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Slice of Greytown history for sale

An historic home built by a founder of the first Maori Parliament at Papawai is for sale in Greytown. PHOTOS/FILE

An historic home with links to the first Maori parliament and Katherine Mansfield is for sale in Greytown.

The home at 46 Kuratawhiti St was built in 1891 by Hamuera Tamahau Mahupuku, who was involved with the establishment of the first Maori Parliament at Papawai in the late 1890s.

It was later owned by Hamuera’s niece, Maata Mahupuku, who was a close friend of Katherine Mansfield. She appeared in several Mansfield’s novels, leading to her becoming well known within New Zealand literary circles.

Mahupuku was born in Greytown in 1890 and attended school in Wellington, after which she moved to Paris and then London.

She moved back to New Zealand in 1906, where she inherited the house and lived there for about 30 years.

She moved to Bulls in 1940.

Carol Price and Abe David bought the house 18 years ago as a family home after driving by one day and seeing the ‘for sale’ sign outside.

Price said that the house had been on the market for a while and had needed some urgent restoration work.

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“We loved the outside, but the inside was a bit scary as it needed a lot of work.”

She said the floors in one of the bathrooms had sunk in and the water was up to their ankles.

Price said they had carried out work to much of the house to bring it back to a good condition and considered it a ‘real family home’ that has seen their daughter’s marriage and many bar mitzvahs.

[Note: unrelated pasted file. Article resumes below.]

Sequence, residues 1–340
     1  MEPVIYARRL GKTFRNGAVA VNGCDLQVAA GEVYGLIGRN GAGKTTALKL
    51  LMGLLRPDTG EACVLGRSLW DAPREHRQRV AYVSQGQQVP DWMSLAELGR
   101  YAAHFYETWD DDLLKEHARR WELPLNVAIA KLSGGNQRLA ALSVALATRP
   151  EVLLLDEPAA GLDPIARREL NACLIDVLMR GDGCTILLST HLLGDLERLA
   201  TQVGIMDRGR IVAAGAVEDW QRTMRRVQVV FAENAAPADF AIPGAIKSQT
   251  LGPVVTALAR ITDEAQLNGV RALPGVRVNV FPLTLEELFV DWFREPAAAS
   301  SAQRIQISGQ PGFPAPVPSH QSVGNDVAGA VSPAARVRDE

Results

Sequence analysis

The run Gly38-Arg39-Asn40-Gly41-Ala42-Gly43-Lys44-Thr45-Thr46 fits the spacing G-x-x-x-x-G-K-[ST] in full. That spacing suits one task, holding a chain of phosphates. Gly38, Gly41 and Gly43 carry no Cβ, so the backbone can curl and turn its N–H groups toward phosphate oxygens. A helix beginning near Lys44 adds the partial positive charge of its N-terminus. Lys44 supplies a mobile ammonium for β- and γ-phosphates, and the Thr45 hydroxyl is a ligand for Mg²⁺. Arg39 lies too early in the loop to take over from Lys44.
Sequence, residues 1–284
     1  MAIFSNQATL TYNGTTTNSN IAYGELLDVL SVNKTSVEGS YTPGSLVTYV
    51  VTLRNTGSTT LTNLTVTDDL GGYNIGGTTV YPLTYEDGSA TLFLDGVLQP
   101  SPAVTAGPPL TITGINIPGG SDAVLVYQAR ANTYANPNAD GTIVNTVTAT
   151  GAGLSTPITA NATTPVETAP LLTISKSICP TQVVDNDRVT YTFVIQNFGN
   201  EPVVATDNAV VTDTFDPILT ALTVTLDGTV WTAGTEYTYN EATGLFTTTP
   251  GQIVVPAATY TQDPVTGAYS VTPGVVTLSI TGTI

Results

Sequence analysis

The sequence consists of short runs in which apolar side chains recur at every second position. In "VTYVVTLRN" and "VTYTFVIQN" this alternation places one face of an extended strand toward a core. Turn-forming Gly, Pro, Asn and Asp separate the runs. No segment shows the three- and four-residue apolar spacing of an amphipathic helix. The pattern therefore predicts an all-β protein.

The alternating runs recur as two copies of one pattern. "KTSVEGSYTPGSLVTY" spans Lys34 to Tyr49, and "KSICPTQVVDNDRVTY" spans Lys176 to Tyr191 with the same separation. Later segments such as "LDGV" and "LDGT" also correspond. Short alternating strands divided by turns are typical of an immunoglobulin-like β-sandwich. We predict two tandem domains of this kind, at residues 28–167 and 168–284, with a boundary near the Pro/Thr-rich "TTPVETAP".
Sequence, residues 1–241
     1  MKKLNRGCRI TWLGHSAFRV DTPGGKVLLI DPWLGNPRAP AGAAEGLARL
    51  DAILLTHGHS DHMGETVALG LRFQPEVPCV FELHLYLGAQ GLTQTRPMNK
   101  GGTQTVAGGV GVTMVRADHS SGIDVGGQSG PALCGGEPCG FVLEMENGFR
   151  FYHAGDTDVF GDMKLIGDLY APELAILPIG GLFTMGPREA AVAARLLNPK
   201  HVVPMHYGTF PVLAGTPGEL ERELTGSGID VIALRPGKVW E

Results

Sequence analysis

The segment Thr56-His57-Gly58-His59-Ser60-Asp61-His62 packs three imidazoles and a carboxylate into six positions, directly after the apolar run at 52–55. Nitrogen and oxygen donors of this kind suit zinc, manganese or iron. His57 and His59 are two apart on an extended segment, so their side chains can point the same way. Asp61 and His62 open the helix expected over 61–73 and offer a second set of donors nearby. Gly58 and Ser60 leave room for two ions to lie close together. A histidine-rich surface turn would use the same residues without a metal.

“It’s a really good party house,” she said.

The property, which has heritage protection status, is considered one of Greytown’s most important historic landmark residences and sits among several historic homes.

“It’s important to Greytown and people should know about it. Greytown doesn’t have many historic buildings and people don’t really know it’s here.”

The house was bought about 1942 by the Thompson family after sitting empty for several years, and they carried out work to establish the English-style gardens that wrap around the building.

“When the Thompsons planted the garden in the 1940’s they did it in an Edwardian style,” Price said.

Features of the garden included an ‘ancient Judas tree’, plenty of vegetables, and a small pond complete with several ducks.

A tree planted by Maata to commemorate the birth of her daughter was considered historic and had its own plaque, but had grown so large that it was assessed to be a danger to the building and had to be cut down.

The tree, the enormous stump of which still remains, was just over 100 years old.

Unlike other historic houses on the street, 46 Kuratawhiti St remains very much original. The most noticeable change would be a subdivision of the land, the back of which was sold just before the covid-19 pandemic.

The house also included buttons by the fireplaces in each of the rooms, which would have been used to ring a bell to signal the help.

“As far as the history of the house goes it’s really interesting,” Price said.

Maata’s neighbour Henry Stratton Izard, a solicitor and former mayor of Greytown, embezzled much of her money, for which he was eventually sent to prison.

While it is unclear how much of the money was recovered, Maata retained ownership of large amounts of land.

Izard’s former house, which sits next door, still stands but has had plenty of renovation work over the years.

The home is estimated to be worth $2.07 million, according to realestate.co.nz, and is up for tender.

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